Opinion 508

By Committee on Professional Ethics

NEW YORK STATE BAR ASSOCIATION
Committee on Professional Ethics

Opinion #508 – 03/29/1979 (80-78)

Topic: Advertising; solicitation; legal seminar; promotion by mail to non-lawyers
Digest: In the absence of judicial holding to the contrary, law firm may organize and promote by mail legal seminar designed for non­lawyers
Code: EC 1-5, 2-2; DR 1-102(A), 2-101, 2-103, 2-104(C), 7-102(A)(8)

QUESTION

May a law firm organize and promote by mail a legal seminar expressly designed for non-lawyers?

OPINION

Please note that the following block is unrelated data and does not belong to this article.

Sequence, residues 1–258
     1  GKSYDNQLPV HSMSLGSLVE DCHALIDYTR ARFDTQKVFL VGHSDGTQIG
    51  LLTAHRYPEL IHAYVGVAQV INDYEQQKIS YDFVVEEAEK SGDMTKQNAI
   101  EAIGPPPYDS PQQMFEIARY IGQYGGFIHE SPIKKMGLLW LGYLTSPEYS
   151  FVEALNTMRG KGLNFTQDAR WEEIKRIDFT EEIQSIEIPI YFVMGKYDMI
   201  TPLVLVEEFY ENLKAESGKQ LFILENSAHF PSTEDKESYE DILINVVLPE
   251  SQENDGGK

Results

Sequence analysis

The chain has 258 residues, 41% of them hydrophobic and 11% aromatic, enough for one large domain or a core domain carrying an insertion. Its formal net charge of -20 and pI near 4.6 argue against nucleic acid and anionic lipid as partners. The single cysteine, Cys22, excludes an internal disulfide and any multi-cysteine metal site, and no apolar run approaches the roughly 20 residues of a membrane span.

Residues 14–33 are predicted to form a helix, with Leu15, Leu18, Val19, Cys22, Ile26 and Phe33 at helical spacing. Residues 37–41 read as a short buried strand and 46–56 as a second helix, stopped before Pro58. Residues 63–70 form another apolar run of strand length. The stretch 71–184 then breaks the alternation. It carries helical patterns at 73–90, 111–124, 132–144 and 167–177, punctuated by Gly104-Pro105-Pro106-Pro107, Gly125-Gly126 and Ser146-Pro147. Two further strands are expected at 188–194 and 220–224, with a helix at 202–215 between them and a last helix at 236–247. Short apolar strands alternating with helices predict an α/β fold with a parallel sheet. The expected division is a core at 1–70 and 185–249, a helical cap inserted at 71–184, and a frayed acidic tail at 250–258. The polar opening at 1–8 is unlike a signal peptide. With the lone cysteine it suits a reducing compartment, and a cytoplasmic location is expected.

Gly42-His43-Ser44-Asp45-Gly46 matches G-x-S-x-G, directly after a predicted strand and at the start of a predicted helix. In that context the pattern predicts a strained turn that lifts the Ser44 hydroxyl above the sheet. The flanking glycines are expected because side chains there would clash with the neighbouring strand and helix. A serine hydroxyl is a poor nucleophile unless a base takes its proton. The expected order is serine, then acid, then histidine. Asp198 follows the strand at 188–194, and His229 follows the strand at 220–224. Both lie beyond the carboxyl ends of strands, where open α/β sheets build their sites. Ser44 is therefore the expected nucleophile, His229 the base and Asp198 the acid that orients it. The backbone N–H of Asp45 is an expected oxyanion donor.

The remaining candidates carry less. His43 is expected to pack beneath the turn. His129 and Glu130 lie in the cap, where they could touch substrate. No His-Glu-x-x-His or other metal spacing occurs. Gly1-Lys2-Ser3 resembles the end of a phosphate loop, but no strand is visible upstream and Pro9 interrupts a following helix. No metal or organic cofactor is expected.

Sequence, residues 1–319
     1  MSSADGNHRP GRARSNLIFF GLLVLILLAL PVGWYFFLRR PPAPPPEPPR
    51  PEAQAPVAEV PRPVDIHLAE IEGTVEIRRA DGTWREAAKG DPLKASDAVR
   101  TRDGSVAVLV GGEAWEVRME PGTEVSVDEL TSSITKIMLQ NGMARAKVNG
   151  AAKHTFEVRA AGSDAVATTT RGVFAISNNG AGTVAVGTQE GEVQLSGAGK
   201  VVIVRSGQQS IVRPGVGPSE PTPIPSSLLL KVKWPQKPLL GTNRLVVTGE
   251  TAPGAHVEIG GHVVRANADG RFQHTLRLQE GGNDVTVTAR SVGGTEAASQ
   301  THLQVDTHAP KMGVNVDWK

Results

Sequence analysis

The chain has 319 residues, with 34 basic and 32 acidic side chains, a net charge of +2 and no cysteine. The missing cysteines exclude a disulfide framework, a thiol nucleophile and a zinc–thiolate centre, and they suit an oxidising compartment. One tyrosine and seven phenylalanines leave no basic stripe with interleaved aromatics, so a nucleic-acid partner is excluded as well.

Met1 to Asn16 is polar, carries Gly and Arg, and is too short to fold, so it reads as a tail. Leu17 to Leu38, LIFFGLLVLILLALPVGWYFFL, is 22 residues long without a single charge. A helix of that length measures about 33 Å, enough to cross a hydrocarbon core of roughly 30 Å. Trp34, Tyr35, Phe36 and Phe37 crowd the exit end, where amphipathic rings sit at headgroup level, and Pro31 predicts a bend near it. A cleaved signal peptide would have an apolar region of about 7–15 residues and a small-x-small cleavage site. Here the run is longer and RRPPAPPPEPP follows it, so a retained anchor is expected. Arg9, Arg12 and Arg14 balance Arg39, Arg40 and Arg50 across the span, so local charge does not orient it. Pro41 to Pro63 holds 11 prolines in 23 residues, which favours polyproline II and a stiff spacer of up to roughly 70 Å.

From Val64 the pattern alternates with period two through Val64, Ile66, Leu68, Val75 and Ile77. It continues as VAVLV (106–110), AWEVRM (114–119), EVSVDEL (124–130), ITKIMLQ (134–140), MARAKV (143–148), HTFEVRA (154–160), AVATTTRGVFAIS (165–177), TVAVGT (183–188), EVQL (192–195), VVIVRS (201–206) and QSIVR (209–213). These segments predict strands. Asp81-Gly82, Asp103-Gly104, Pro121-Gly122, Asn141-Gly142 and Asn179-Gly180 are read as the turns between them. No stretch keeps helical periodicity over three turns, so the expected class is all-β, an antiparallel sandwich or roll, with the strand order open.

In 1978, the New York version of the Code of Professional Responsibility was substantially revised in the light of the standards announced by the Supreme Court in Bates v. State Bar of Arizona, 433 U.S. 350 (1977). See, N.Y. State 487 (1978). Prior to these revisions, the Code contained provisions, now repealed, which directly prohibited solicitation and advertising. The Code now prohibits only solicitation “in violation of any statute or court rule.” DR 2-103.A review of the opinions principally applicable to the question here posed reveals that the ethical strictures against law firms organizing legal seminars for lay persons were based on the theory that such activities amounted to advertising and solicitation, both then subject to the pre-Bates broad brush prohibitions established by former DR 2-101 and DR 2-103.     See, e.g., N.Y. State 442 (1976) and N.Y. State 283 (1972); see also, ABA Inf. 1021 (1968) and ABA Inf. 840 (1965). Consistent with that view, the question of sponsorship, or the auspices under which the seminar originated, became central to any determination of its propriety.Thus, in N.Y. State 283, our Committee, by way of elaboration on the then current language of the Code, laid down certain guidelines for lawyer participation in legal seminars addressed to the general public. Among these guidelines was the requirement that the seminar “be sponsored by a bar association, school or other responsible public or private organization.” We also quoted at length from ABA Inf. 1021, observing:”[W]hat is appropriate for a lawyer to do in participating in these programs and what is appropriate for a lawyer to permit to be said about him …will turn on the question as to whether or not the overall thrust of the program is designed as a program to advertise a particular lawyer or a group of lawyers. If it is, then the same kind of information about his law firm, about his past accomplishments, etc. would be improper, whereas if it is not, then it is proper to tell persons who may desire to attend these programs any information that is relevant so far as their making up their mind as to whether the program would be worthwhile. This could include the name of his law firm, his experience, etc.”Four years later, in N.Y. State 442, our Committee examined the propriety of a lawyer-operated “school” on the Bankruptcy Act for lay persons. In finding the “school” improper, we reaffirmed the guidelines set out in N.Y. State 283, and said:”The question of sponsorship is one of the central considerations. While attorneys may properly receive compensation for participation in educational programs …the opening of a school by lawyers acting independently of any responsible sponsoring organization in these circumstances goes beyond permissible limits. It smacks of an effort to avoid the present strictures against advertising.”Then came Bates. Among the many changes triggered by that opinion were certain amendments to the Ethical Considerations and Disciplinary Rules relating to participation by lawyers in legal seminars and other programs of public education.Specifically, EC 2-2 was amended to delete the requirement that lawyer participation in educational programs be “under proper auspices” and should not be undertaken for reasons of personal publicity or professional employment. (*1) DR 2-104(C) which previously required that participation in educational activities be restricted to those “conducted or sponsored by a qualified …organization” similarly was amended to remove that restriction.Hence, with advertising now permitted and the requirements of the Code relating to sponsorship now repealed, much of the rationale for the traditional prohibition on lawyers organizing and promoting legal seminars, or other programs of public education for lay persons, has been removed.With respect to the promotion of legal seminars by direct mail, as previously noted in N.Y. State 507 (1979), the recent amendments to the Code place no limitation on the media which a lawyer may employ in advertising his services or seeking to publicize himself. Absent considerations attending “in-person” solicitation, or a judicial determination to the contrary, the ethical propriety of such communications in this State should be determined by their content. In other words, in the absence of a judicial determination to the contrary, advertising does not become solicitation simply by virtue of being sent through the mails.Whether the organization and promotion of legal seminars for non-lawyers by direct mail constitutes improper solicitation under Section 479 of this State’s Judiciary Law is a matter upon which we cannot pass. Similarly, whether or to what extent Section 479 can survive the constitutional touchstone of Bate and its progeny is also a matter of law that we cannot address.(*2) Cf., Ohralik v. Ohio State Bar Association, 436 U.S. 447 (1978) with Friedman v. Rogers, U.S. , 47 U.S. Law Week 4151 (decided 2/21/79).Conduct which is unlawful will generally be deemed inconsistent with the ethics of our profession. See, e.g., EC 1-5, DR 1-102(A) and DR 7-102(A)(8). Hence, what we here say about the propriety of lawyers organizing and promoting legal seminars for lay persons can be undone to the extent of a judicial determination that. Any aspect of the proposed conduct constitutes unlawful solicitation.Having noted the limit of this Committee’s jurisdiction and the integral relationship between matters of law and ethics, we nonetheless hasten to observe that direct mail has long been recognized as an appropriate and relatively inexpensive advertising medium. What is of particular importance in the context of the question posed is that, when sent to sophisticated businessmen and executives accustomed to receiving such communications, a direct mail promotion piece is not qualitatively or functionally different from either broadcast or print advertising.For the reasons stated, and subject to the qualifications hereinabove set forth, the question posed is answered in the affirmative.*FOOTNOTES1.   EC 2-2, prior to its amendment, read:”The legal profession should assist laymen to recognize legal problems because such problems may not be self­revealing and often are not timely noticed. Therefore, lawyers acting under proper auspices should encourage and participate in educational and public relations programs concerning our legal system with particular reference to legal problems that frequently arise. Such educational programs should be motivated by a desire to benefit the public rather than to obtain publicity or employment for particular lawyers. Examples of permissible activities include preparation of institutional advertisements and professional articles for lay publications and participation in seminars, lectures, and civic programs. But a lawyer who participates in such activities should shun personal publicity.” (Emphasis supplied)That provision, as amended April 29, 1978, now reads:”The legal profession should help the public to recognize legal problems because such problems may not be self­revealing and often are not timely noticed. Therefore, lawyers should encourage and participate in educational and public relations programs concerning our legal system with particular reference to legal problems that frequently arise.”2.         To date, the highest courts of at least three states have addressed this issue and appear to be divided. Cf., Kentucky State Bar Association v. Stuart, 568 S.W. 2d 933 (Ky. 1978) (holding that lawyers’ activities in promoting the use of their services by direct mail is constitutionally protected); Allison v. Louisiana State Bar Association, 362 So. 2d 489 (La., 1978) (holding that lawyers were guilty of solicitation and unethical conduct in writing letters to employers seeking to obtain contracts under which employers would collect money from wages of employees which would then be sent to lawyers who, in exchange, promised to perform specified legal services for employees); and Adler Barish, Daniels, Levin & Creskoff v. Epstein, 393 A. 2d 1175 (Pa., 1978) (holding improper lawyers’ conduct in mailing to former clients letters containing stipulation of substitution with request that they be retained in place of present counsel).